Race and Racism Theme Icon
Identity and Invisibility Theme Icon
Ambition and Disillusionment Theme Icon
...room to socialize. The narrator is introduced to everyone by his new Brotherhood name. As Brother Jack and the narrator go from group to group, the narrator vows to himself that he... (full context)
Race and Racism Theme Icon
...to sing a spiritual, telling the narrator that he likes the way black people sing. Brother Jack loudly protests that the narrator does not sing. The drunken man keeps pressing, and eventually... (full context)
Chapter 15
Identity and Invisibility Theme Icon
Ambition and Disillusionment Theme Icon
...He needs to settle his account with Mary and buy himself new clothes before calling Brother Jack . (full context)
Chapter 16
Ambition and Disillusionment Theme Icon
In the evening, Brother Jack and some others pick up the narrator in a taxi and drive to Harlem. The... (full context)
Identity and Invisibility Theme Icon
Power and Self-Interest Theme Icon
Dreams and the Unconscious Theme Icon
Brother Jack asks if the narrator has looked over the Brotherhood material, and instructs him to listen... (full context)
Identity and Invisibility Theme Icon
Dreams and the Unconscious Theme Icon
...the narrator looks down the alley and sees three mounted policemen. He decides to let Brother Jack know about their presence. (full context)
Identity and Invisibility Theme Icon
Power and Self-Interest Theme Icon
...didn’t trust old Master.” He thinks the same thing about both the roaring crowd and Brother Jack . As the noise rises, Brother Jack ushers the speakers out onto the stage. (full context)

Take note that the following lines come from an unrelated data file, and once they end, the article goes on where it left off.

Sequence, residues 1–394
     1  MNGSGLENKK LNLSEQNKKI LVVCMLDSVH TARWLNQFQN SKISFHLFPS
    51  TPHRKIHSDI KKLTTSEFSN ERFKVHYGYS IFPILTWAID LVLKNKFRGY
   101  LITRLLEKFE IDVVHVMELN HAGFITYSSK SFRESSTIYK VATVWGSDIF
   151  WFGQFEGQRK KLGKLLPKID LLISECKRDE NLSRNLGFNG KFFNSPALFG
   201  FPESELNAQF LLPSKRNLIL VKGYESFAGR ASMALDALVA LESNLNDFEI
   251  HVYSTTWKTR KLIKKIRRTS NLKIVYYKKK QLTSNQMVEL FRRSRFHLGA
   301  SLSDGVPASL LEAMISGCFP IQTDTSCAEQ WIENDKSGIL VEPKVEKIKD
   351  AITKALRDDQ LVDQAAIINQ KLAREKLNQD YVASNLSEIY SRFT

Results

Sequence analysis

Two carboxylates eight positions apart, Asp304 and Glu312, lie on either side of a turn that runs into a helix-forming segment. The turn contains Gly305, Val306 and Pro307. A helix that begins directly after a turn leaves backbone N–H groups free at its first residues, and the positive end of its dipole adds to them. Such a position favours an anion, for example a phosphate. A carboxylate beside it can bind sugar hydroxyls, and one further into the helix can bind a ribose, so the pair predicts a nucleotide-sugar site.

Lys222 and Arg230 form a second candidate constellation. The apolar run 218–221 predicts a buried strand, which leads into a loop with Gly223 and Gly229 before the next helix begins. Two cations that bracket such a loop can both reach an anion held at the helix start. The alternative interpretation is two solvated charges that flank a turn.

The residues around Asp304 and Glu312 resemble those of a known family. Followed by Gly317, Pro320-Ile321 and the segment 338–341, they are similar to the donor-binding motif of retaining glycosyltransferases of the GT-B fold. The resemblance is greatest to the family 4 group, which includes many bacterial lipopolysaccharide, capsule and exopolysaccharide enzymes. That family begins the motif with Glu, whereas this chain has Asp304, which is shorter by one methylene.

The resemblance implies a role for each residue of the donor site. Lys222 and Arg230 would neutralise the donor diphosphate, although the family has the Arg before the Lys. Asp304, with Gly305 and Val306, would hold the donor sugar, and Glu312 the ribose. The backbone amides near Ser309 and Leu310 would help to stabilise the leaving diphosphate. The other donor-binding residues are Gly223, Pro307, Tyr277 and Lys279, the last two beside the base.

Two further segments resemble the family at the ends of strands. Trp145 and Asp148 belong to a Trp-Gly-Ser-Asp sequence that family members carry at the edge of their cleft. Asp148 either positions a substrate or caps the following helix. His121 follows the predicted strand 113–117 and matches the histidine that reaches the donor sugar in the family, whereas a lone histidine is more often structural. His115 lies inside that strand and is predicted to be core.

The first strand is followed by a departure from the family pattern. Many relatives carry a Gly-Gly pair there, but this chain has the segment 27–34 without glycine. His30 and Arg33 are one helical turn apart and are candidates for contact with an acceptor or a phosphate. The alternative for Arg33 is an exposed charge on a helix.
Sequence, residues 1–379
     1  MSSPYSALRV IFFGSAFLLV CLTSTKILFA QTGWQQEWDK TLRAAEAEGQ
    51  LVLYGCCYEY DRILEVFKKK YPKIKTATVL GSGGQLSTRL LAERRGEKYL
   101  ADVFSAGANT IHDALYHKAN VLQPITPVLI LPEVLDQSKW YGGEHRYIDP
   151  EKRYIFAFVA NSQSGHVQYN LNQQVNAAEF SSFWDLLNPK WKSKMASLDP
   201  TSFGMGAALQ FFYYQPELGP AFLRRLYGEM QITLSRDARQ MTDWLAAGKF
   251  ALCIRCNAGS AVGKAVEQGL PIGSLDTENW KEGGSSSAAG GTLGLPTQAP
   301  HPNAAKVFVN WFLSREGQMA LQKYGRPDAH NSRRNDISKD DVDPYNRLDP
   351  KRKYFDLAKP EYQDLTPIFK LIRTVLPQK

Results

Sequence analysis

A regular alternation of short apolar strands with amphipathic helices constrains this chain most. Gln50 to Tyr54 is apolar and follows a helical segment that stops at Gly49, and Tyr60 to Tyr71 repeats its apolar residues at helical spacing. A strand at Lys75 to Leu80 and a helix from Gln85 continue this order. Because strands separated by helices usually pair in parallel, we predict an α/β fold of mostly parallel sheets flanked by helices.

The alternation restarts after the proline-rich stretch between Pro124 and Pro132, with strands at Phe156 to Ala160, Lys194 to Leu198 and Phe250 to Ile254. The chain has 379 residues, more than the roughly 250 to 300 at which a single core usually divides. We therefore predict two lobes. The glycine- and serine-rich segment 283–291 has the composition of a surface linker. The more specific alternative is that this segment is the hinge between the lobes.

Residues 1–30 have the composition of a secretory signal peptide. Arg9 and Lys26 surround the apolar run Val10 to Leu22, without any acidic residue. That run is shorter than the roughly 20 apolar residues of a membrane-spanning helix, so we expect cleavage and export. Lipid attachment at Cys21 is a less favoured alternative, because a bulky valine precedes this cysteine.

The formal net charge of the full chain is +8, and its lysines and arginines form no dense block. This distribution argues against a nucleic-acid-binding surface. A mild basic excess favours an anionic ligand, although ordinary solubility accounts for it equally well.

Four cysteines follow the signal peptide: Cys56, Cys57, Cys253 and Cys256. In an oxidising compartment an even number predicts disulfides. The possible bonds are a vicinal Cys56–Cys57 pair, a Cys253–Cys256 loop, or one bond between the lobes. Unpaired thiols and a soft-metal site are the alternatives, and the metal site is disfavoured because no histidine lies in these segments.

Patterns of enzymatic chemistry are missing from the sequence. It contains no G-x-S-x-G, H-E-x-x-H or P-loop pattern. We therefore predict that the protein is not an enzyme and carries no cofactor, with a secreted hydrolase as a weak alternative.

Identity and Invisibility Theme Icon
Power and Self-Interest Theme Icon
Ambition and Disillusionment Theme Icon
As the narrator’s speech begins to climax, Brother Jack comes to his side and gives him a small warning not to “end your usefulness... (full context)
Power and Self-Interest Theme Icon
Ambition and Disillusionment Theme Icon
...the reception is not so positive. The man with the pipe calls the speech “unsatisfactory.” Brother Jack becomes very angry, and the two men argue over the correct way to lead the... (full context)
Power and Self-Interest Theme Icon
Ambition and Disillusionment Theme Icon
Brother Jack , visibly upset, asks the other members of the backroom committee what they thought of... (full context)
Power and Self-Interest Theme Icon
...He will receive lessons in political theory from Brother Hambro. The narrator is upset, but Brother Jack reassures him, telling him that such a period of “indoctrination” was inevitable. (full context)
Chapter 17
Identity and Invisibility Theme Icon
Four months later, Brother Jack calls up the narrator and takes him on a ride. The narrator is curious where... (full context)
Identity and Invisibility Theme Icon
Power and Self-Interest Theme Icon
Ambition and Disillusionment Theme Icon
Since the speech, the narrator has seen Brother Jack very infrequently. The narrator has been submerged in lessons from Brother Hambro, working harder than... (full context)
Power and Self-Interest Theme Icon
Ambition and Disillusionment Theme Icon
Brother Jack asks the narrator how his lessons have gone. Jack tells him to master the Brotherhood’s... (full context)
Power and Self-Interest Theme Icon
Ambition and Disillusionment Theme Icon
Brother Jack informs the narrator that he is to become the chief spokesman of the Harlem district... (full context)
Identity and Invisibility Theme Icon